I definitely will read this book twice.
Amazon reader Billy Bcom
Nejad presents — with much levity — the pain of the Greek financial crisis as experienced by everyday Greeks. As the main character’s personal life falls apart, the novel strings together a number of stranger-than-fiction encounters with Greek bureaucracy, obstructionism and protest.
Refreshingly, especially when it comes to writing on the Greek crisis, Nejad does not get polemical; instead his book lays bare the contradictions of ideological views typically held in Greece on who is to blame. To this end, sharp-witted and fast-paced dialogue is his favourite tool. The result is a great deal of stinging insight without the didactic. The book is critical yet empathetic, cynical yet ultimately hopeful. Some of the symbolism and literary moves (like the Socratic dialogue) are a bit hit-you-over-the-head obvious. It could also do with closer editing and pruning, but in the end, I’m glad I stumbled on it while holidaying out of Volos. It certainly deserves far more attention than is typically afforded to self-published works.
Mark Amazon reader
Nejad with thoughtful insights, great use of humour and through good story telling provides a much needed on the ground viewpoint as to the causes and the repercussions of Greece’s economic crisis. The answer is there are no easy one dimensional answers and similarly no one dimensional solutions. All the learned comments regarding what caused the crisis in Greece and how to solve the problem from the vast spectrum of experts could have been better informed had they had the opportunity to have read Nejad’s book on what is actually happening on the ground in everyday Greece. Panos’s future, as well as that of Greece, is still not fully resolved at the book’s end but clearly the spirit of Panos and that of Greece provides for great hope.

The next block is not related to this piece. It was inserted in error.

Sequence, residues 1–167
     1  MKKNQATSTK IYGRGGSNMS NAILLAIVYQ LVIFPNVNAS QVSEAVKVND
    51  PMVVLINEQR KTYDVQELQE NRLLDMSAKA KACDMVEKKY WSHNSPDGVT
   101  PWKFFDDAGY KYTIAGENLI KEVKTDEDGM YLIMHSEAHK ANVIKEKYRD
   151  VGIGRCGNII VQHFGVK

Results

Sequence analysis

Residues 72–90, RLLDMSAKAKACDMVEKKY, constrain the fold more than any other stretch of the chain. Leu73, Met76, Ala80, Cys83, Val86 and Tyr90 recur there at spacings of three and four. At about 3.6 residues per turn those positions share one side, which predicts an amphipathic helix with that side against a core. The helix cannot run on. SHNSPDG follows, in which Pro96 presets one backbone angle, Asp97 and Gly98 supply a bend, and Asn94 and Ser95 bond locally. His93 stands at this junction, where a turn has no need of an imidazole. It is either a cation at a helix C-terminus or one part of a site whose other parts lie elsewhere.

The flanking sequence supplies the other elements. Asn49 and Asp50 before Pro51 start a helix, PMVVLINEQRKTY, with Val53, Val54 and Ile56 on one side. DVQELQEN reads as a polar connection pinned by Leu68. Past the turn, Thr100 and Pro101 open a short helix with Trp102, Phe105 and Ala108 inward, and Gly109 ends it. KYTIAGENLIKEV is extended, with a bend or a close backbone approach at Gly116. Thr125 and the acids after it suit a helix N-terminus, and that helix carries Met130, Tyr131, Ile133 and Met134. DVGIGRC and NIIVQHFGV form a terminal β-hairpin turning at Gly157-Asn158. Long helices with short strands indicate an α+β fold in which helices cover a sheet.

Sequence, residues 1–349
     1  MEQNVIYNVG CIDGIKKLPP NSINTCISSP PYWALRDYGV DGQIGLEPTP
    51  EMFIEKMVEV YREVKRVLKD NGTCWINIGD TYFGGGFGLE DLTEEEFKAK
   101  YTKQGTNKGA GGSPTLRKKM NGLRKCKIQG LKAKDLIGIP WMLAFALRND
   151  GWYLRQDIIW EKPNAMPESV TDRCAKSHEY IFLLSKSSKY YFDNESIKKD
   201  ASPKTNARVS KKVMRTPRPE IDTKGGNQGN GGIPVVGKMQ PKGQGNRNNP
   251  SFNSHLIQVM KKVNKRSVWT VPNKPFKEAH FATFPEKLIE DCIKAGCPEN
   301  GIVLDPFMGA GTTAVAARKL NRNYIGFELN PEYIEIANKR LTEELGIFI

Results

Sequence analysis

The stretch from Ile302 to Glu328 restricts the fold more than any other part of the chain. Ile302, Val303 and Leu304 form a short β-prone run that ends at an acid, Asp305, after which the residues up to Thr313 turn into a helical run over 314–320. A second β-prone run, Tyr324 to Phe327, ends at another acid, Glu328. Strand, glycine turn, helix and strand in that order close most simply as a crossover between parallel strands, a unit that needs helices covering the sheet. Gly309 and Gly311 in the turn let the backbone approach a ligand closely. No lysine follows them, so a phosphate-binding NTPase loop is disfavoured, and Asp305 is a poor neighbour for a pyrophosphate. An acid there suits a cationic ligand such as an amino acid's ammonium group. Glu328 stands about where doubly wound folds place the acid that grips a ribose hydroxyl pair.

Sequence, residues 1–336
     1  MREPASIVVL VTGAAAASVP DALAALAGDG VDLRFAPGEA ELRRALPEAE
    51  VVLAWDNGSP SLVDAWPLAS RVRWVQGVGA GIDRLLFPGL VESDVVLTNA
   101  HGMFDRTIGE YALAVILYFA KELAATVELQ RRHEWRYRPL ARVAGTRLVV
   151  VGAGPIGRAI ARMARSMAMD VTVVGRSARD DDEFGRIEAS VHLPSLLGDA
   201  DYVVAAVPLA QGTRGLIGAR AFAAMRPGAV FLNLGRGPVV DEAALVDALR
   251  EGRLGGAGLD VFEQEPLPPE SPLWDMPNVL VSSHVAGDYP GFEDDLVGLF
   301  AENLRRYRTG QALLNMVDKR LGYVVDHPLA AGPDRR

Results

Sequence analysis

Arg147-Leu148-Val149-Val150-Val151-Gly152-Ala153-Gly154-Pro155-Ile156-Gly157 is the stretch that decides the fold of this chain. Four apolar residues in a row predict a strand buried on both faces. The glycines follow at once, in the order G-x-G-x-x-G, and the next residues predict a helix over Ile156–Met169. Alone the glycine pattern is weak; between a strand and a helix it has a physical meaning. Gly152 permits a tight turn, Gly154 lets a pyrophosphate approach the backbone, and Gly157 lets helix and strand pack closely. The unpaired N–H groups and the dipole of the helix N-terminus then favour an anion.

Susan Goodreads reader
This was a great book to read as we travelled through Greece. The issues and concerns of the Greek people were insightful despite the story’s relatively weak plot, I enjoyed it.
Official review. On Line Book Club.
The book is an insightful look into the Greek crisis and how it has impacted the day to day lives of the Greek people. The novel is ambitious and comprehensive in scope, but rarely does it feel forced. It tackles some serious subjects, and it would be easy for this to become an incredibly morose book, however, although the darkness is present, there’s also a fair amount of levity. In fact, it often feels like a tragicomedy with absurdity of life adding much needed humor to the story without trivializing the experiences of the Greek people.
In the end, this is more than just the story of Panos; it’s the story of a nation. It’s a tale full of cynicism, but it’s also not without some hope. I’m giving this book 4 out of 4 stars, and I’d recommend it to anyone interested in the Greek crisis. If you can appreciate books about people’s daily struggles and welcome a little philosophy, give The Curse of the Ancient Greeks a chance.